The professionals at Trotter’s RV are northwest Arizona’s one stop shop for RV sales and service. Still, one can’t help but wonder what they would do if someone arrived with an Ultra Van and requested service. After all the innovative recreational vehicle was a relative rarity when new. And now more than five decades have passed since they were manufactured.

David Peterson was an aircraft designer by trade. And so it should come as no surprise to learn that when he decided to design a recreational vehicle it would use a monocoque composite structure. For those unfamiliar with the concept, Monocoque is a structural system in which loads are supported by an object’s external skin, similar to an egg shell. Peterson designed the Ultra Van with an aluminum center and rounded reinforced fiberglass end caps.

Traditionally motorhomes are built on a bare conventional commercial truck frame and chassis as the the foundation. Peterson envisioned a recreational vehicle, the Ultra Van, of the future. It would be lightweight and spacious. It would be fuel efficient and easy to repair. It would be a fully self contained home on wheels.

On paper Peterson began tinkering with the idea in the late 1950s. Counted among the many obstacles to overcome was the drive train. There was noting available that fulfilled his vision. Then in 1959 the Chevrolet division of General Motors introduced the Corvair. Shortly afterwards the innovative ramp side pickup truck was added to the expansive line of Corvair models. It was exactly what he needed.

And so he began work on a prototype in California as a student apprentice program. With a Corvair flat six engine and transaxle chassis as the platform, Peterson created a streamlined fully self contained coach. The finished Ultra Van was an engineering marvel that weighed a mere 3,000 pounds fully equipped. This was about 500 pounds less than a 1962 Chevrolet Impala sedan!

During extensive testing Peterson determined that the Corvair powered Ultra Vans could cruise comfortably at 60 miles per hour. He also felt comfortable advertising an average of fifteen miles per gallon. Another selling point was the independent suspension that provided a comfortable car like ride on passenger-car tires.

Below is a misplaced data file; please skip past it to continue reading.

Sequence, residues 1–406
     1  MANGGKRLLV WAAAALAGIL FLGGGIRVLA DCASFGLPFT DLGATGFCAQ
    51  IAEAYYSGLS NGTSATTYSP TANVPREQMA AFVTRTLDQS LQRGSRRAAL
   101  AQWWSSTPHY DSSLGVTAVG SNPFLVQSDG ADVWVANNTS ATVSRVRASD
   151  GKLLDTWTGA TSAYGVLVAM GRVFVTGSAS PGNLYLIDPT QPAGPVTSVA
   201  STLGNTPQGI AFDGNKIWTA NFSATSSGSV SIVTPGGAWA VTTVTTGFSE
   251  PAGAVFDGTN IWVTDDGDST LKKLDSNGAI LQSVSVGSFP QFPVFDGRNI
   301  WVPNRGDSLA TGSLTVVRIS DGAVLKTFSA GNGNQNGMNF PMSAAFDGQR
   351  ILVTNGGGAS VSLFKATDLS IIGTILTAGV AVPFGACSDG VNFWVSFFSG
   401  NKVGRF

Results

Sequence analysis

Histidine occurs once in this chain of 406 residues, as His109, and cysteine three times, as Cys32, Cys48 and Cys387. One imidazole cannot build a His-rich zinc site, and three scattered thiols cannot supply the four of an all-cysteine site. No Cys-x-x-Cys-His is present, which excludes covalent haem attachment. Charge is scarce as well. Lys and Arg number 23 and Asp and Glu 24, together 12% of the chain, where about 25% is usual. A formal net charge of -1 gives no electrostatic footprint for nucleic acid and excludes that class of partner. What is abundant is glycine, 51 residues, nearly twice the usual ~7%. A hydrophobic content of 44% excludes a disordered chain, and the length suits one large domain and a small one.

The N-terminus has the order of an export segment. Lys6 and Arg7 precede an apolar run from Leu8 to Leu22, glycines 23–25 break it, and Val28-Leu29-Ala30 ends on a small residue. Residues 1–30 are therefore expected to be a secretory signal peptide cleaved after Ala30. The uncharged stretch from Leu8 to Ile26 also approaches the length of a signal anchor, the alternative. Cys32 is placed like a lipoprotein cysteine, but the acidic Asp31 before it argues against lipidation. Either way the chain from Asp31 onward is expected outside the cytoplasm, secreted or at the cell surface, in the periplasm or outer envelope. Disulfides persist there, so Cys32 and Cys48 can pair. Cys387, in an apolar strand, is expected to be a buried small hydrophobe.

After completion of the prototype, Peterson initiated a series of refinements and improvements on subsequent models. Then in 1966, after producing fifteen Ultra Vans he decided to commence actual production. After an extensive search for a suitable location he settled on a WWII era military aircraft hangar and repair facility in Hutchinson, Kansas.

By the end of the year eight units a month were rolling out of an airplane hangar by 1966. Production continued until 1970. According to records 370 Ultra Vans were built. A study conducted by Corvair enthusiasts in 2010 found 200 of these unique RV’s were still on the road.

Discontinuance of the Corvair, not a lack of sales or interest, brought the project to an end. However, it did not end Peterson’s interest in creating a recreational vehicle for the future. He produced forty Ultra vans fitted with small-block Chevrolet V-8 engines and rear ends sourced from Corvettes. Then he produced two prototypes. One used a slightly modified Cadillac El Dorado V8 engine and transaxle at the rear of the Ultra Van. The other used a similar drive train borrowed from an Oldsmobile Toronado.

If you find yourself in the market for a recreational vehicle, and want something unique, keep your eyes open for the rare Ultra van. And if you do one, it might be fun to try and stump the professionals at Trotter’s RV.

Written by Jim Hinckley of Jim Hinckley’s America